This series represents a wealth of poetry and po-biz wisdom from a bunch of awesome contemporary poets. I used to have these linked as separate standing pages, but didn’t refresh that format when I changed blog themes recently. Have just added these standing pages back to the left-hand column, and got lost in re-reading while I did so. Thank you once again to the generous poets who participated for doing so! That wonderful group includes Ron Silliman and the late Reginald Shepherd.
Read with interest this blog post by Charles Jensen, in which he wrote:
Over the last few years, I have encountered and had the pleasure to work with some amazingly talented poets who live entirely outside the academy. I’ve come to understand this is more common than many people think, particularly those who spend the majority of their lives and careers within the academy.
These “outsider” poets generally have no idea that poetry is so entrenched in higher education. They perceive poetry as open to everyone, not as a cloistered and privileged pursuit. They have less awareness of the inner machinations of what some folks call “pobiz” and are generally the happier for it. They may or may not have heard of AWP if they’ve attended it. They read many poets, focusing, perhaps, on what their friends in their poetry circles are reading, what has been nominated for national awards, or what their booksellers or librarians recommend. I think this community of poets is growing not more larger, but more visible.
There is this duality in the poetry community, although I tend to think of it as professional / non-professional, rather than academic / non-academic. The professional poets, in my mind, are the ones whose living is somehow tied to poetry — whether writing it, or teaching it, or both. Each hour of teaching, each publication credit, everything they read or write or do as a poet, has a potential or actual dollar value for this group, and all their decisions need to be taken with this fact in mind. (I hasten to add that I am in no way asserting that anyone is ever foolhardy enough to try and make a living actually selling poems. What money there is in poetry definitely does not come from selling poems.)
The non-professionals (people like me) earn their livelihood in some way completed unrelated to poetry and do the poetry thing pretty much as a hobby. (Although labeling poetry ‘hobby’ doesn’t seem right – in fact screechingly un-right – but I guess that’s a separate post.)
Obviously, the common factors that unite the two groups (addiction to writing and reading poetry, desire to be read and understood etc) are much stronger than those that separate them, which is probably why the separating factors don’t tend usually to get much play.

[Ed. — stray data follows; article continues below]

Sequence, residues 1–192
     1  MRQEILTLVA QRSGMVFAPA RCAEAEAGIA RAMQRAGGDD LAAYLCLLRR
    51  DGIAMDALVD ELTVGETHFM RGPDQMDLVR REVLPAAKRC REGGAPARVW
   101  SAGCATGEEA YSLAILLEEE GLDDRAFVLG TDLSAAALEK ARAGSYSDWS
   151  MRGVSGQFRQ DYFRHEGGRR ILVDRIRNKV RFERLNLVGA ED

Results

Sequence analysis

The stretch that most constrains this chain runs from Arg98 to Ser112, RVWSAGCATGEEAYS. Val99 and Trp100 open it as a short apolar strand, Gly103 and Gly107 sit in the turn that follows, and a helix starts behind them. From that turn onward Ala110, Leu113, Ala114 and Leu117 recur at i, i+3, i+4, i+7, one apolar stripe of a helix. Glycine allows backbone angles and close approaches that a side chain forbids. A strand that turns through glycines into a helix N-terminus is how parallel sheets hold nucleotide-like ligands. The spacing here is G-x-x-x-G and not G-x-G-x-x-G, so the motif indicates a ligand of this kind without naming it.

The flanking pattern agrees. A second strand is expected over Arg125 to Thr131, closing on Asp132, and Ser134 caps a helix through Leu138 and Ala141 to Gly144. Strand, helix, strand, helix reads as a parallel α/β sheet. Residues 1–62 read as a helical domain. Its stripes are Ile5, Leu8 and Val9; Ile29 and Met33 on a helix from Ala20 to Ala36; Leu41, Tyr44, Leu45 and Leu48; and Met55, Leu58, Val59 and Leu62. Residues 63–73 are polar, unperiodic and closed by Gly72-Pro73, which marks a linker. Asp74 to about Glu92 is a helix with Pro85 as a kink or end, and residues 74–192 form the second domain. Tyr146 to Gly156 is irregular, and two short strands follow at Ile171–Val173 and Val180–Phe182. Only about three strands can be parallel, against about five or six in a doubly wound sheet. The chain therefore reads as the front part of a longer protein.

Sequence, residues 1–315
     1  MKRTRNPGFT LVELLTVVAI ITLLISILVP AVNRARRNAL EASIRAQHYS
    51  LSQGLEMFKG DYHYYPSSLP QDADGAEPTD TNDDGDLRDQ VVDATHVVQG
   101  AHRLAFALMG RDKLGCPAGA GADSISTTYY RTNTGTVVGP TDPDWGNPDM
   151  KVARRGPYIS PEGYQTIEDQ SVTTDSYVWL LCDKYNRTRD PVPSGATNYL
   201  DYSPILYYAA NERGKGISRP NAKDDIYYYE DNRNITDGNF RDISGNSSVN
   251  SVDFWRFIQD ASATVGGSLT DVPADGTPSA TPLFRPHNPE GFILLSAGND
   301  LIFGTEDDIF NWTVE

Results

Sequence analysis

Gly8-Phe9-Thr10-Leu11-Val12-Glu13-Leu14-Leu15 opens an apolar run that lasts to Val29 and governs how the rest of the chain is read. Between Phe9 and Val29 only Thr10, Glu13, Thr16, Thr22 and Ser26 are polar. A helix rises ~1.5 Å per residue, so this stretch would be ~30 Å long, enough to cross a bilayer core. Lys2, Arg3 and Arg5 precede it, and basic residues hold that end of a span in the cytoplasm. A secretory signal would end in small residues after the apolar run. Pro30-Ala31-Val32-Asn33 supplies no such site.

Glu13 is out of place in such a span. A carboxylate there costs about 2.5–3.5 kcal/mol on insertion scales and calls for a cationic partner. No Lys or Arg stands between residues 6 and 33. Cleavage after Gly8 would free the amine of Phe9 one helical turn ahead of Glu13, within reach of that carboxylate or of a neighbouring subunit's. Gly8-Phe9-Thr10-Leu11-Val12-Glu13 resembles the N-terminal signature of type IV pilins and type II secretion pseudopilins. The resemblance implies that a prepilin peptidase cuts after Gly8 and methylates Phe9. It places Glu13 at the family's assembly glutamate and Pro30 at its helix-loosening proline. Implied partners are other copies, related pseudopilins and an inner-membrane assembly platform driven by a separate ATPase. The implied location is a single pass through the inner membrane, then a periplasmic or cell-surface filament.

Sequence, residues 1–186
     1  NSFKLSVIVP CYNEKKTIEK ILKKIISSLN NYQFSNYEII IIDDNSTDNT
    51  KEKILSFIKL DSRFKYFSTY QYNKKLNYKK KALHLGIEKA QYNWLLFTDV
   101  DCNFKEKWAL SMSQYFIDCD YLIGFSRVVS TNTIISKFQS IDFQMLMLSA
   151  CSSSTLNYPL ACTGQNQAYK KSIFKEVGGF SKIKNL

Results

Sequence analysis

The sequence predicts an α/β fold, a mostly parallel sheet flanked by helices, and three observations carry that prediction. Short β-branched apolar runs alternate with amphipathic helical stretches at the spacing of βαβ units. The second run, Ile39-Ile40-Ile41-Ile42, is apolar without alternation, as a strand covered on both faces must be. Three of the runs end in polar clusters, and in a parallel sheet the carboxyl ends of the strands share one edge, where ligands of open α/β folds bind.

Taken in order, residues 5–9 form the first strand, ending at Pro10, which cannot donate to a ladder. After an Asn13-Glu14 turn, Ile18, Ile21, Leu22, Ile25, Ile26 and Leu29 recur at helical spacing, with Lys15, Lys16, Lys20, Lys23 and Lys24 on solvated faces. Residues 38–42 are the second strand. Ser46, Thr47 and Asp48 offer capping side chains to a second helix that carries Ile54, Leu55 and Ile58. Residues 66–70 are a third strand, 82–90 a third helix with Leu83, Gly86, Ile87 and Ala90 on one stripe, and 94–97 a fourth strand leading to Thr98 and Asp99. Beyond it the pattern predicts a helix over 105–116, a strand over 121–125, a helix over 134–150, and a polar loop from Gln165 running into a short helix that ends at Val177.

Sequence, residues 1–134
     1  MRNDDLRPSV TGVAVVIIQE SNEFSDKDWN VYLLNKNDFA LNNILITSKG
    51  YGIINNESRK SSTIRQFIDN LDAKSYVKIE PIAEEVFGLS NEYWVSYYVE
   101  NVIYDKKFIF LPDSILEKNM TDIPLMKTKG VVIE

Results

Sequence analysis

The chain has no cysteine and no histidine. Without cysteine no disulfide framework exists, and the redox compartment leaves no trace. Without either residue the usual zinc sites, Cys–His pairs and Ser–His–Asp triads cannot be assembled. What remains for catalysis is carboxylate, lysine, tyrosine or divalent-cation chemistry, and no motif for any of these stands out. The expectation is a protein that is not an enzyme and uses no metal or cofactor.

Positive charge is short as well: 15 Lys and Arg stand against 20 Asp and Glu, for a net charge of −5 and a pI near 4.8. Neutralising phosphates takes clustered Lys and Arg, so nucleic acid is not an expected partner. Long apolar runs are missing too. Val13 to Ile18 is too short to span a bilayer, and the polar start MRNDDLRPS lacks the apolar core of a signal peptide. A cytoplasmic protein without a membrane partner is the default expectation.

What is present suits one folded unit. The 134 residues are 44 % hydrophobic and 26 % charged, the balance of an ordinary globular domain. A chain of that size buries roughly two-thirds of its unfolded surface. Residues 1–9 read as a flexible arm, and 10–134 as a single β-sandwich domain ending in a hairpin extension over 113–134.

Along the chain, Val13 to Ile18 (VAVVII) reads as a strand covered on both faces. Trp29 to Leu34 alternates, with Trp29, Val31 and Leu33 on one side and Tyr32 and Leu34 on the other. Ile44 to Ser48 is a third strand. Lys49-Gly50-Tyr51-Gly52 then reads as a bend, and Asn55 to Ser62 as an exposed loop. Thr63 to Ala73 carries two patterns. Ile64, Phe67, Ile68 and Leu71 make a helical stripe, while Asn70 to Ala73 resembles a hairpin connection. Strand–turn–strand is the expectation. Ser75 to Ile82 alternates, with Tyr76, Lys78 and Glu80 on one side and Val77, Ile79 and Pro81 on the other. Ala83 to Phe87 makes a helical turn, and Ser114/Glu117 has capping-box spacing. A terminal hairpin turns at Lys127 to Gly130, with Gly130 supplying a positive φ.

It’s funny – Charles’ sense seems to be that there are more ‘professional’ than ‘non-professional’ poets out there, and I always had it figured in my head the other way around completely. It has always seemed to me – based purely and vaguely on the evidence of anecdote, impression and interactions with other poets over the years – that most of at least the online poetry community is ‘non-professional.’
Am I wrong there? Are we mostly professional poets online, do you think?
I wanted to share Louise Gluck’s poem of this title, but couldn’t find it anywhere on-line to link to.
Although it’s good, it’s not so good that I’m going to use up five minutes of my life typing it out in this blog post.
Whose loss is that, I’m wondering?
Wow. Check this out. Makes you wonder yet again what goes on inside the plagiarist’s head. Ethical and moral considerations aside (and goodness knows they are many and weighty), in this day of instant searches and perenially accessible information, behavior like this just seems really, really dumb.
Sorry to hear about this with regard to your fine work, Barbara Jean.
Andrew Shield’s Fifth Daily Poem Project is calling for final votes. Vote for A Chat With My Father!
Poetics List: Our aim is to support, inform, and extend those directions in poetry that are committed to innovations, renovations, and investigations of form and/or/as content, to the questioning of received forms and styles, and to the creation of the otherwise unimagined, untried, unexpected, improbable, and impossible.